WARSAW, Oct 3 (Reuters) - Polish Prime Minister Donald Tusk's ruling centre-right Civic Platform (PO) is still tipped to win a second consecutive term when Poles vote in a parliamentary election on Oct. 9, although the conservative Law and Justice (PiS) has narrowed the gap.
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Here is some more information about Tusk:
* He is rated the most popular of Poland's political party leaders in opinion polls, thanks mainly to his success in steering the country relatively safely through the 2008-09 global financial crisis. Poland was the only country in the 27-member European Union to avoid recession during the crisis.
A mild-mannered pragmatist with the common touch, Tusk, 54, has eschewed radical economic reforms and has tried not to scare Poles with talk of austerity even as his government struggles to rein in a large budget deficit.
* Tusk's PO won the 2007 parliamentary elections on promises to pursue liberal market reforms and improve relations with Poland's key neighbours, Russia and Germany, and with the European Union after ties with the bloc became strained under his predecessor, the more nationalist-minded Kaczynski.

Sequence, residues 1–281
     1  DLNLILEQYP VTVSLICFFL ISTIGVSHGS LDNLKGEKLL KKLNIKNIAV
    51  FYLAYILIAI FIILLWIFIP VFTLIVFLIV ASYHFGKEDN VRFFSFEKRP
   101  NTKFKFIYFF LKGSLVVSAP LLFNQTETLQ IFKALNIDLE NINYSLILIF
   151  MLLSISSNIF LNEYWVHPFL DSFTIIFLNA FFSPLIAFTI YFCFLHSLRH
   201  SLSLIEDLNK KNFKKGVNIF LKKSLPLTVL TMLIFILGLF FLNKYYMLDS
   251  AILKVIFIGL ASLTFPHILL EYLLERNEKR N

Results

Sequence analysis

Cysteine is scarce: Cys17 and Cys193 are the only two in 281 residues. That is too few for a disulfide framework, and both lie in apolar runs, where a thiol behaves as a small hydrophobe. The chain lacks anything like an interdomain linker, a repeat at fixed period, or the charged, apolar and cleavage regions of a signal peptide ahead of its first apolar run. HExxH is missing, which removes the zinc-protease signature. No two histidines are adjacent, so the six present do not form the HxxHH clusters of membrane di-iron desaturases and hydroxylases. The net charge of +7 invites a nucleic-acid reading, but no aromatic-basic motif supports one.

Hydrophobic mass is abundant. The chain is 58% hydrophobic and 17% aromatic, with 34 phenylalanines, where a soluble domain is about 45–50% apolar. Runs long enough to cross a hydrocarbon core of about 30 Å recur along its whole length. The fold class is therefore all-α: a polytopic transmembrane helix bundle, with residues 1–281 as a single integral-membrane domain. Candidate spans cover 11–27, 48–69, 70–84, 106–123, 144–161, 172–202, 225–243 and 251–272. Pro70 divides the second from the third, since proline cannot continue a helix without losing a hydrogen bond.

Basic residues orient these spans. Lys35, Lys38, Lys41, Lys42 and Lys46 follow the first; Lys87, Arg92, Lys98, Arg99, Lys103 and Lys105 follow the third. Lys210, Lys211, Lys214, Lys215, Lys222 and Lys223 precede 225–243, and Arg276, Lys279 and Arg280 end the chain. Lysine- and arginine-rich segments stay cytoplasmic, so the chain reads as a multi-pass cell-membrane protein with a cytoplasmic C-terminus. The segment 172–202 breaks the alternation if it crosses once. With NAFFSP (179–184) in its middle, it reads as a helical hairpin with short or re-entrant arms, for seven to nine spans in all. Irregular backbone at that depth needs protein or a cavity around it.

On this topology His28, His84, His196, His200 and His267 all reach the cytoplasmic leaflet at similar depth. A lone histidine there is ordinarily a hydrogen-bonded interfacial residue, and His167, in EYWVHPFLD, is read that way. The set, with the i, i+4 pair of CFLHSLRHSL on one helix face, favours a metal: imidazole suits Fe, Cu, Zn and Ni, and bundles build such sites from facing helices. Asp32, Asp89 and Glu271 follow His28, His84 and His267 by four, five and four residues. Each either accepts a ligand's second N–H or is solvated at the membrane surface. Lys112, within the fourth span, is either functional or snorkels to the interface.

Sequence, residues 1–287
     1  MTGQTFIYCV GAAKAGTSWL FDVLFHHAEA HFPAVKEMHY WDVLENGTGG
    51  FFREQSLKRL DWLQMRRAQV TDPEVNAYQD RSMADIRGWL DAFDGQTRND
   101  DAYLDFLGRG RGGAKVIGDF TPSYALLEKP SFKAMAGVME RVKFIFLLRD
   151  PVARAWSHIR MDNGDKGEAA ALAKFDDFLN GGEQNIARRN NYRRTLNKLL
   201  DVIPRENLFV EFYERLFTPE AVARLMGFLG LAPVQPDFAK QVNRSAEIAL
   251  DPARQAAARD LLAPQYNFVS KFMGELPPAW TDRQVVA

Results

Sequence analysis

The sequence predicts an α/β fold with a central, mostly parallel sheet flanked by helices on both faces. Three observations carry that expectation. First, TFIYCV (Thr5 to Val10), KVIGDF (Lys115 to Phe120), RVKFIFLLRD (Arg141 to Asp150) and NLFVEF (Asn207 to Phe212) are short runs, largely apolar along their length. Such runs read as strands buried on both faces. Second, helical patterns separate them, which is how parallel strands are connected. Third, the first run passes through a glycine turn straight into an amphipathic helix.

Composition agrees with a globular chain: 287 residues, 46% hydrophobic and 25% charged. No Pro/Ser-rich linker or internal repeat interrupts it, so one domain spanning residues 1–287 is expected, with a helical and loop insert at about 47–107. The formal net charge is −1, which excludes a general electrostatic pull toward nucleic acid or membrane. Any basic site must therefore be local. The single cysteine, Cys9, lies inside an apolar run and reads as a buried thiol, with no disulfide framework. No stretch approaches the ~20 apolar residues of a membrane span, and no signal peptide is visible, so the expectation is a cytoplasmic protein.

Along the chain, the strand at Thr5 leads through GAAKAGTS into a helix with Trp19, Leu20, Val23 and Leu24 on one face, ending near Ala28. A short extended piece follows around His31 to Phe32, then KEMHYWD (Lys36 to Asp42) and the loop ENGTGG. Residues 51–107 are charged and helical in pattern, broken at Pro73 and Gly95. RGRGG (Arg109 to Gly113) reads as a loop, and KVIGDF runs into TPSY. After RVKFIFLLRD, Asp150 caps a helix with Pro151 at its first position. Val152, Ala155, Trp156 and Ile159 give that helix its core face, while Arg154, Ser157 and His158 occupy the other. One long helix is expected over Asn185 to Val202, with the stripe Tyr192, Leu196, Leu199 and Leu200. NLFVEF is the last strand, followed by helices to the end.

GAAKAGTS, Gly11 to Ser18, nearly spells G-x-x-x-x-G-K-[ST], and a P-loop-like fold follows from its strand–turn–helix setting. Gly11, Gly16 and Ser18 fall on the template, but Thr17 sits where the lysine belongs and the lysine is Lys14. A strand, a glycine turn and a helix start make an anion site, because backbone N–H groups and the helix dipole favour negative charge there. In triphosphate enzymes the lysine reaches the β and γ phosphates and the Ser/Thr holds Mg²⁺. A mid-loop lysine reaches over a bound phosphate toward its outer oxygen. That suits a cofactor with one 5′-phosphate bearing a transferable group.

Tusk has disappointed financial markets as well as many younger, more liberal voters by not delivering on market reform. His government also proved more conservative than promised on social issues like 'in vitro' fertilisation (IVF), abortion and same-sex couples.
* Tusk unexpectedly lost the 2005 presidential election to Lech Kaczynski, Jaroslaw's identical twin brother who was killed in a plane crash in Russia last year. The 2005 defeat was a lesson in humility for Tusk who learned to become much more cautious about his prospects in subsequent elections.
This time Tusk has said either PO or PiS could win. He has also said it will be his last term as prime minister if PO is re-elected. Polish parliaments are elected for four years.
* Tusk, a historian by education, has a tight grip over his party and so far none of its rival factions has been able to contest his position.
Tusk is also adept at reacting to the popular mood in Poland. He always shows up in areas struck by natural disasters, does not avoid meetings with angry voters and has spoken out strongly against a range of groups including lobbyists, paedophiles, gamblers and soccer hooligans.
* A native of Gdansk, on Poland's Baltic seaboard, and a strong local patriot, Tusk was involved in the pro-democracy Solidarity movement that first emerged in the port city and helped trigger the collapse of communism in 1989.
He is a keen soccer fan and has two grown-up children. Tusk's daughter, Katarzyna, became a minor celebrity after taking part in the Polish version of the "Dancing with the Stars" programme and she runs a blog on fashion and cuisine. (Writing by Gabriela Baczynska, editing by Gareth Jones and Philippa Fletcher)